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From policy PANORAM A to practice
A systemic change to lifelong guidance in Europe



From policy to practice
A systemic change to lifelong guidance in Europe

Ronald G. Sultana

Cedefop Panorama series; 149
Luxembourg: Office for Official Publications of the European Communities, 2008

The European Centre for the Development of Vocational Training (Cedefop) is the European Union's reference Centre for vocational education and training. We provide information on and analyses of vocational education and training systems, policies, research and practice. Cedefop was established in 1975 by Council Regulation (EEC) No 337/75.

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A great deal of additional information on the European Union is available on the Internet. It can be accessed through the Europa server ( Cataloguing data can be found at the end of this publication. Luxembourg: Office for Official Publications of the European Communities, 2008 ISBN 978-92-896-0631-8 ISSN 1562-6180 © European Centre for the Development of Vocational Training, 2008 Reproduction is authorised provided the source is acknowledged. Printed in Belgium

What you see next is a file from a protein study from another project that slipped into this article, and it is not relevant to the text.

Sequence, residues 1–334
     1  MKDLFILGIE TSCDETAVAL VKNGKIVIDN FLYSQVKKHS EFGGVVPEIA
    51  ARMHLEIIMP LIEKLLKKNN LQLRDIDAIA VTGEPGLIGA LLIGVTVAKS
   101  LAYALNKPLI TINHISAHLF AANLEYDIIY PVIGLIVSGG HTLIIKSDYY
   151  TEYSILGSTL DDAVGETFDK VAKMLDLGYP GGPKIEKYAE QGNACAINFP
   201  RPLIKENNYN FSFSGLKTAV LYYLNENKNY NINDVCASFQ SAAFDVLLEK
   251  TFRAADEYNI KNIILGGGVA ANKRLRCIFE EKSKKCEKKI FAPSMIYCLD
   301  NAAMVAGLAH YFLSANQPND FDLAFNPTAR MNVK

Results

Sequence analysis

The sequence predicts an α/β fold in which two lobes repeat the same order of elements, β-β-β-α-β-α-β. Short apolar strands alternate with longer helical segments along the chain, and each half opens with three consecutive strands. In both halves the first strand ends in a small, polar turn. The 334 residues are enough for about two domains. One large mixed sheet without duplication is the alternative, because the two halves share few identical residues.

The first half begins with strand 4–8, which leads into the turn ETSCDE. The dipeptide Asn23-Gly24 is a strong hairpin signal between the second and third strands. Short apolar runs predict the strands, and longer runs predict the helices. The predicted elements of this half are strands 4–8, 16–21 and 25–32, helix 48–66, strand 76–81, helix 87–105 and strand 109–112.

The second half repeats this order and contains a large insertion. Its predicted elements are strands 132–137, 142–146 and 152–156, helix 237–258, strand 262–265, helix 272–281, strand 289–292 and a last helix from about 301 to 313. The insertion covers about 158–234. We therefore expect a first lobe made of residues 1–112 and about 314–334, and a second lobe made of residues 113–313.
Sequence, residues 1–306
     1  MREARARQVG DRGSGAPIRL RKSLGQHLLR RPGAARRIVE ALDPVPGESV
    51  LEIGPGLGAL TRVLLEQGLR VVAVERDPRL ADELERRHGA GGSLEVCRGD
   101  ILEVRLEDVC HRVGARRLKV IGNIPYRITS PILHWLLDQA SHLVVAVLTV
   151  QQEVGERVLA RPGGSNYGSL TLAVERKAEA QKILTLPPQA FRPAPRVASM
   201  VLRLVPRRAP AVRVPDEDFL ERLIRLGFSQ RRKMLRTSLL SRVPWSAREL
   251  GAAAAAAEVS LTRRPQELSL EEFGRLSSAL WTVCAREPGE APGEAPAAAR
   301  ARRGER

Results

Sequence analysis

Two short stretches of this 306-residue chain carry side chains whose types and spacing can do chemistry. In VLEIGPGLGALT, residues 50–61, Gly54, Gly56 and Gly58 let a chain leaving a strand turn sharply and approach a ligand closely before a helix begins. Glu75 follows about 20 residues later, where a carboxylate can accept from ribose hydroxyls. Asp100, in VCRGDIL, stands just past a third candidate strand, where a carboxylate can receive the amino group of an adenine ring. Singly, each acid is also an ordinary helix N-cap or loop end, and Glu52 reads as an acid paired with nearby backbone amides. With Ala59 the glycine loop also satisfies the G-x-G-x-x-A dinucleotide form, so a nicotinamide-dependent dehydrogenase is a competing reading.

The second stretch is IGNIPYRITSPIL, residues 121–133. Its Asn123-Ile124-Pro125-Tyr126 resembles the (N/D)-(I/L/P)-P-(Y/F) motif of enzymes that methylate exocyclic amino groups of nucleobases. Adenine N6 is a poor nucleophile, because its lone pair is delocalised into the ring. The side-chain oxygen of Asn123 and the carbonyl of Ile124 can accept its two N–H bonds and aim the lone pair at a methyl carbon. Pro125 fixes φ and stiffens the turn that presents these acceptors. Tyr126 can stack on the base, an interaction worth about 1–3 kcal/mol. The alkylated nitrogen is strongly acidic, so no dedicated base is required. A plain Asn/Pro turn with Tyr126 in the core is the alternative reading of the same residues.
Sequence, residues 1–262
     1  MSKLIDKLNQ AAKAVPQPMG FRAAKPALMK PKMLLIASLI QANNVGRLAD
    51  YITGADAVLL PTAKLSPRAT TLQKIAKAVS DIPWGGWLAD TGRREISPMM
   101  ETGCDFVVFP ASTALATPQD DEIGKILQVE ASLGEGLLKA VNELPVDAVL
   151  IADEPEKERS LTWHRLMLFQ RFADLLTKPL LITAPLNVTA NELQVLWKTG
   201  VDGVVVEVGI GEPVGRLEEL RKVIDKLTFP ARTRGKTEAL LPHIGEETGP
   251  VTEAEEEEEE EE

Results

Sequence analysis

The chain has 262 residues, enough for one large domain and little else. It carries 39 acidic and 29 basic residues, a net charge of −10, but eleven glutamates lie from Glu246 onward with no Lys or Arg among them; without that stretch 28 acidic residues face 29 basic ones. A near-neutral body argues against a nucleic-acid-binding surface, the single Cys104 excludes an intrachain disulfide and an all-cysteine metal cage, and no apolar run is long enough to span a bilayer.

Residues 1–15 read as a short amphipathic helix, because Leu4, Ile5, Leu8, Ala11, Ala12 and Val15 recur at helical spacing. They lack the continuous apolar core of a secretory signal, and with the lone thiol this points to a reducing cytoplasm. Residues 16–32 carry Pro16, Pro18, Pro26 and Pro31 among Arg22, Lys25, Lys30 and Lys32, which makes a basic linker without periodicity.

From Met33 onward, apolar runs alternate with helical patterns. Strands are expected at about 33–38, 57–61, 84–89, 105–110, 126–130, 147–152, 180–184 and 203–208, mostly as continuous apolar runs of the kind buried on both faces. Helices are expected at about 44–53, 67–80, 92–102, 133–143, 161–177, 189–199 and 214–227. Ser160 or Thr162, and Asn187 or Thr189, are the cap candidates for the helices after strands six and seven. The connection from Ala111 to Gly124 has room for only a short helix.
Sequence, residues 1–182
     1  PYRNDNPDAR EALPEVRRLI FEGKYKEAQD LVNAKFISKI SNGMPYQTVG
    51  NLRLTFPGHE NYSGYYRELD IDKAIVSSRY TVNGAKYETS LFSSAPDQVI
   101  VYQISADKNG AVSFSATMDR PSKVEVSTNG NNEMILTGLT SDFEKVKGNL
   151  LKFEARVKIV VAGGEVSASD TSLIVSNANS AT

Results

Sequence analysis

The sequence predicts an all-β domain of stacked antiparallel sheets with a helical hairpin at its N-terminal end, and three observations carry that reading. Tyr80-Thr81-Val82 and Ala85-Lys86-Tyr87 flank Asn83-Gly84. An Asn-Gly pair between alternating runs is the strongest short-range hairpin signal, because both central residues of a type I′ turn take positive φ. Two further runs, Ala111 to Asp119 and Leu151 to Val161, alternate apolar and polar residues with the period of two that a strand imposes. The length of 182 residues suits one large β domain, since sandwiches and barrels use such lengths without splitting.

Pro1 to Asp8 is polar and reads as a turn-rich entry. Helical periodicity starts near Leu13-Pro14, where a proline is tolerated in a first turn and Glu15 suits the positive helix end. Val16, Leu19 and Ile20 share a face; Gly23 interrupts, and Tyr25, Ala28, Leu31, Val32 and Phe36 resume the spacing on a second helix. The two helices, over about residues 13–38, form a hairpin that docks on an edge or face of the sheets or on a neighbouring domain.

there has been strong political momentum in guidance. 2004). practitioners and researchers on how to make lifelong guidance a reality. since Cedefop launched its first review on the state of development (Cedefop. All European Union Member States plus Norway have reported on the extent to which they have addressed the priority areas identified in the Council Resolution. linked to changing needs in the labour market. In May 2004. much commitment is still needed to implement fully the lifelong guidance Council Resolution and build up consistent and accessible guidance systems. The report outlines significant developments and trends of career guidance systems and policies. This study shows that although Member States have made important progress. Aviana Bulgarelli Director of Cedefop 1 . the European Union Council Resolution on lifelong guidance called for reforming guidance policies and practices to support learning at all ages and in a broad range of settings. as well as employment strategies at regional and national levels. improving quality assurance mechanisms. more efficient investments in education and training. It also highlights interesting practice from which policy-makers and practitioners can draw inspiration. Special attention is to be paid to broadening access to guidance provision. The study is part of Cedefop’s efforts to support evidence-based policy-making and steering reforms in career guidance. Guidance provision and systems in Europe are at very different stages of development. which will truly accompany citizens in key transition points of their lives. Sultana. analysis of good practices and mutual learning.Foreword In recent years. emergence of a knowledge-based society requires that guidance provision is conceived to encourage individuals to continue to develop their skills and competences throughout their lives. The study also identifies key challenges that need to be addressed if Member States are to move towards providing quality lifelong guidance. We hope this report will stimulate debate among policy-makers. through progress monitoring and thematic reviews. This report sets out to document how much progress is being achieved in reforming guidance provision. Still. guidance and counselling are increasingly seen as key strategic tools for implementing lifelong learning policies. Career information. strengthening the coordination of guidance services and setting up structures for policy development involving key guidance stakeholders at national and regional levels. empowering citizens to manage their own career and learning.